Khirgiz Herdsmen

Comic Book/Stored Antithesis

The soft, off yellow light often
produced in the dim chamber
of your childhood comic shop
and its ability to seem
from the kneeled position
over gargantuan strip boxes
of back issues, back then, in the
middle of your proverbial Sandlot
to act as temporal vortex.

A conversion of worlds,
a threshold.

Campbell was right.
It is all journey.

(This one shop owner in our core
had an eye patch and a limp
and I’m sure he did jail time
for weed. He hired us as helpers
me and my buddy from Sekura)

We had the whole back of the
store to go through, just tons of
back stock and all the new stuff.

It was the greatest thing that had
happened to me since Zelda and
sure, maybe even Shadowrun.
(but that’s entering the debatable)

I found The Maxx and Savage Dragon
as the boys from Image left their own
safe worlds and travelled to unknown
riches

(most of them anyway, Sam Keith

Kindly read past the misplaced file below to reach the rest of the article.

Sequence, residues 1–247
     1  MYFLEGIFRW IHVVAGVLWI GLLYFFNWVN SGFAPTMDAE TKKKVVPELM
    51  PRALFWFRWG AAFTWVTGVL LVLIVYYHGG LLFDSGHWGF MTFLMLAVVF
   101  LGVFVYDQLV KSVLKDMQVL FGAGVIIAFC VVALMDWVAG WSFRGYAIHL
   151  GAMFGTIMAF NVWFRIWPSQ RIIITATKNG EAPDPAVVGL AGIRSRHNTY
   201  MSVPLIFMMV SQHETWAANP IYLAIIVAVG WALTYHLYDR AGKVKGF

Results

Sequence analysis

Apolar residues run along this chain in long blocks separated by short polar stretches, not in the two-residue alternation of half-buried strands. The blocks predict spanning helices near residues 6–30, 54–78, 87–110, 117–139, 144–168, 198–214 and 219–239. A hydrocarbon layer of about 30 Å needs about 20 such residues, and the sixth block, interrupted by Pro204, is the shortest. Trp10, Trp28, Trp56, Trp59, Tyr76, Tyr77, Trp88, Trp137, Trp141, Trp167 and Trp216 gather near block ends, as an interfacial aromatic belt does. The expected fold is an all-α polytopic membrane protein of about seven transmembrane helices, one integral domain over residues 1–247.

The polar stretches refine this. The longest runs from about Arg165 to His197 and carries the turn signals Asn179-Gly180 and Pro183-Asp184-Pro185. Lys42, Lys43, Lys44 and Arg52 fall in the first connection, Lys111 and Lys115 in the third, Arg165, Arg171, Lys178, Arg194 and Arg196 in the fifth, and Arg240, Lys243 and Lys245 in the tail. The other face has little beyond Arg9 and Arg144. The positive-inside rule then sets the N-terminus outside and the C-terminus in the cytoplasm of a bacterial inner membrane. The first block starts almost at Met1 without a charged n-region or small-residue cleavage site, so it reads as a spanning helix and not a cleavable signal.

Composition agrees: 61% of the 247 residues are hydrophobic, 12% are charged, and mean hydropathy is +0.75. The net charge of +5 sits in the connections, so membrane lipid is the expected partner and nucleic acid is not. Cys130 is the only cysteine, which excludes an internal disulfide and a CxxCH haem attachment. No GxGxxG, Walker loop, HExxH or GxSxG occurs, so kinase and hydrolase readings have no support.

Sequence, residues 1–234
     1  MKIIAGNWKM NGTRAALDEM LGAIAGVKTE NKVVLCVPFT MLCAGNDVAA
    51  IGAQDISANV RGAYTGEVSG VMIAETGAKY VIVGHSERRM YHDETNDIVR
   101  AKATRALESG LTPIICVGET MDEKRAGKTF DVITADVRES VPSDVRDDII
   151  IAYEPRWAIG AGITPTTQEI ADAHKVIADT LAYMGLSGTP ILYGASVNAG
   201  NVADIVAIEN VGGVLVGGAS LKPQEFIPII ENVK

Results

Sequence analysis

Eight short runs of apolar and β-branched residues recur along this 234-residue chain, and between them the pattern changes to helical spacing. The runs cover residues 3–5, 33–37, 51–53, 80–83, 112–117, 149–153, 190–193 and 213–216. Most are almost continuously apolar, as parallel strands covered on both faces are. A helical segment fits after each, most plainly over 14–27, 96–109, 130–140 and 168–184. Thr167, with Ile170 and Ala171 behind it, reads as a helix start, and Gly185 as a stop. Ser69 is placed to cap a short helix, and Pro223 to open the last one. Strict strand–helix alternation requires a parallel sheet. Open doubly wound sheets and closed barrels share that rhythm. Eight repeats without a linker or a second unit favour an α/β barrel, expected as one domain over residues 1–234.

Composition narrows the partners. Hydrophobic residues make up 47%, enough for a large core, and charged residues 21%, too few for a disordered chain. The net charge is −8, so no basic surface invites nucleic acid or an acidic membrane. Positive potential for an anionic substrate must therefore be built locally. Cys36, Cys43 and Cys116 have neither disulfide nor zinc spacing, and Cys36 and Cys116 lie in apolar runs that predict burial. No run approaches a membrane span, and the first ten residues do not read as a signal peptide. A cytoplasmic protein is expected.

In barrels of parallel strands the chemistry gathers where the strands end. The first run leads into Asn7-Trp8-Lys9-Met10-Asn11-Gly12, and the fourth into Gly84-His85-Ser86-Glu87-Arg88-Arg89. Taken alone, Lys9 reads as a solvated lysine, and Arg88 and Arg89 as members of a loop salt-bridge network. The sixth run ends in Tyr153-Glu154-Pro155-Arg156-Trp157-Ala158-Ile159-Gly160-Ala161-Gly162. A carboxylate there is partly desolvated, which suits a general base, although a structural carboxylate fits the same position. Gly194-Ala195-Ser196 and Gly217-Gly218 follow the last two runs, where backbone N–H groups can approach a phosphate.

is like me I bet and re-watches Cheers,
missing Coach and Diane and the 80’s

as they go by in a slow tightening of flare
and lessening of hem’s, until culmination in
Rebecca’s premiere a la red leather mini-skirt. )

Reading a superhero like Keith’s Maxx gave
me new dreams as a writer. Aside from Steven King,
no other influence has tainted me so deeply,

as those I found in the downtown comic book
stores (there were three at one time, where now
only one will ever at a time today)

Frederick Philip Grove talks about how he
found this call to adventure in Siberia when
he encountered these Khirgiz herdsmen who
yowled and yawped and sang out the true
beatific essence of life, masked in beard and
riding a slow trail to insignificance.

I don’t regret my influences at all.
The darker the Cave, the brighter the sunshine.